A popular notion among many dieters is that some people are blessed with a fast metabolism, meaning they can eat whatever they want without gaining significant weight. (Or, conversely, a slow metabolism that makes it hard to stay slim and easy to put on fat.)
We’ve all heard such comments and maybe even said it about ourselves, but does this idea really hold true?
Resting metabolic rate (RMR) simply refers to the amount of energy required by your bodily organs to stay alive and accounts for approximately 70% of total energy expenditure in sedentary individuals. With that in mind, is it possible that lean individuals have a higher or ‘faster’ metabolic rate when compared to those who struggle with maintaining or losing weight?
Although there can indeed be differences in RMR between individuals, the difference is a lot less than often assumed. In fact, most people, at a given body weight, will remain within a range of just 100-300 kcal/day (the equivalent of a chocolate bar) to sustain the body’s most basic functions.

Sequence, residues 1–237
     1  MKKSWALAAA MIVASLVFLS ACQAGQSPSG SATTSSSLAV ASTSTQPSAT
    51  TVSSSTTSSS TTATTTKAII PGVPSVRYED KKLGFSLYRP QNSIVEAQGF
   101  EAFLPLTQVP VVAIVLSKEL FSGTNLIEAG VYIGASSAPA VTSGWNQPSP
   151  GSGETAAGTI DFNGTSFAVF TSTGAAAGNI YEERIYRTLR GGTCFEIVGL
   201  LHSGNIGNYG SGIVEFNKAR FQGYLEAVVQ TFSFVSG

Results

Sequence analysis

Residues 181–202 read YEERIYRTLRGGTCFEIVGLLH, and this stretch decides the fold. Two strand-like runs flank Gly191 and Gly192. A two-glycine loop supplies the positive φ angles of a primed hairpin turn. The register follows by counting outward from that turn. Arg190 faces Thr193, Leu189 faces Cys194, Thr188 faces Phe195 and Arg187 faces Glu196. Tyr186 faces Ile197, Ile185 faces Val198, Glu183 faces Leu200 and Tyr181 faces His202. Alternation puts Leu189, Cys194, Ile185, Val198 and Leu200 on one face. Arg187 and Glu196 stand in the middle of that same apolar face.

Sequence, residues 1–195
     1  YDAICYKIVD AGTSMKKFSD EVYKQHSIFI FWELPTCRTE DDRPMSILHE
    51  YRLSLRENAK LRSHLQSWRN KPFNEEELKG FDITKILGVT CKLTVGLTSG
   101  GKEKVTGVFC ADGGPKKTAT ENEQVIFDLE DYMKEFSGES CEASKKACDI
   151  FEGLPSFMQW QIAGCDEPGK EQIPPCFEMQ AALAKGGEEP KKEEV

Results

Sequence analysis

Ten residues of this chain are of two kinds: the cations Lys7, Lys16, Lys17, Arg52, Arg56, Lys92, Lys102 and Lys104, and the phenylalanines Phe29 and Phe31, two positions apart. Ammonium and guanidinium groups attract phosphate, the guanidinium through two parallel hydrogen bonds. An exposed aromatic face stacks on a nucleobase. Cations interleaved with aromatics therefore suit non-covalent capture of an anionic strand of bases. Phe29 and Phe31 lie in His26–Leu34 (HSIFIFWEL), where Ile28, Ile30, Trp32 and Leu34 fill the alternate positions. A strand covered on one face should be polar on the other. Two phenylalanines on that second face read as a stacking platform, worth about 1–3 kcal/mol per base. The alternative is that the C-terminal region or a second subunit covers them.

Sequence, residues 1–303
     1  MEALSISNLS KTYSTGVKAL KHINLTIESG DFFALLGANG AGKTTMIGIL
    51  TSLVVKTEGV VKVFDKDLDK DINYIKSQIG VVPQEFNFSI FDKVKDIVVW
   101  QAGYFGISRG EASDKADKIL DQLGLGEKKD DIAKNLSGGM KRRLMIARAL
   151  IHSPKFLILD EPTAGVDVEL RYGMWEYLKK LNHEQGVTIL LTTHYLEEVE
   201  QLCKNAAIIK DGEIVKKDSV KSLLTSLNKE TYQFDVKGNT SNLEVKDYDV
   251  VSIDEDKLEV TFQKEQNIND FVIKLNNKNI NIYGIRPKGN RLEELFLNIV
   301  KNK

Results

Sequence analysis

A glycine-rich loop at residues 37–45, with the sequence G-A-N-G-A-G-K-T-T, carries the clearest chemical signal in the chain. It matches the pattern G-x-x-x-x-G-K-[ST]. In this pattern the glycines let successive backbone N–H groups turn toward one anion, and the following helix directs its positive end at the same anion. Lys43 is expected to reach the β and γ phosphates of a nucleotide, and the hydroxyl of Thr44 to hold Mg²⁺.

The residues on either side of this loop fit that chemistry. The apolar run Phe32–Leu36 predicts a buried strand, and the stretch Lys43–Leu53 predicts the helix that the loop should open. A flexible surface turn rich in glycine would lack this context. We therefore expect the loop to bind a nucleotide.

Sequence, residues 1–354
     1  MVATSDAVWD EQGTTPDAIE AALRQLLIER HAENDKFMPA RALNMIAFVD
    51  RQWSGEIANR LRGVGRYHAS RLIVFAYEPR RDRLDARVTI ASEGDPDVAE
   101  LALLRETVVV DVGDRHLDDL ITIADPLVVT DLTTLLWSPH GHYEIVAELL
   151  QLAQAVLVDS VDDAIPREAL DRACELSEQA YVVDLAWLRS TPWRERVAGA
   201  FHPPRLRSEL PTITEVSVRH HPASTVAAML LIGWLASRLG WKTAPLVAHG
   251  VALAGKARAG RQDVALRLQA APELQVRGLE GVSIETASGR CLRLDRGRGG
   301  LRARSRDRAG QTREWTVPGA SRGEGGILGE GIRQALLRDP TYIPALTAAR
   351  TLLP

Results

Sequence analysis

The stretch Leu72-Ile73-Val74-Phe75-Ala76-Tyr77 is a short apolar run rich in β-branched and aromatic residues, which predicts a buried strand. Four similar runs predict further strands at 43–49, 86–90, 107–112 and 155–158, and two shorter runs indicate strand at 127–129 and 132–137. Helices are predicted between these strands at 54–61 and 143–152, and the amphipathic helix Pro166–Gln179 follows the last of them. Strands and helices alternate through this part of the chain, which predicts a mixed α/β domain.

And contrary to popular belief, individuals who have excess body fat have a higher metabolic rate due to carrying a heavier body mass.
The greater discrepancy among sedentary individuals and the most variable component of total daily energy expenditure is 'non-exercise activity thermogenesis' or NEAT.
NEAT involves spontaneous activities such as fidgeting, maintaining one’s posture, walking etc. and has been shown to be significantly more responsible for an individual’s likelihood to gain weight.
One classic overfeeding study found that NEAT can account for a ten-fold difference in body fat accumulation (0.36kg to 4.23kg) over an eight-week period, despite participants being over-fed the exact same number of calories.
Age can also affect metabolic rate, which decreases slightly in later years. Part of this decline is simply an effect of the age-related loss of lean body mass, coupled with a reduction in overall activity and food intake. Getting older, however, does not have to be synonymous with a decrease in metabolic rate. Interestingly, the decline in RMR with age does not seem to occur in those who maintain exercise volume and/or energy intake to match their younger counterparts.
To sum up, it is true that some people find it harder than others to lose body fat but the idea that it’s down to your metabolism is almost certainly false, at least for the vast majority.
Written by Kevin Garde, Nutritionist and Bodyscan Consultant
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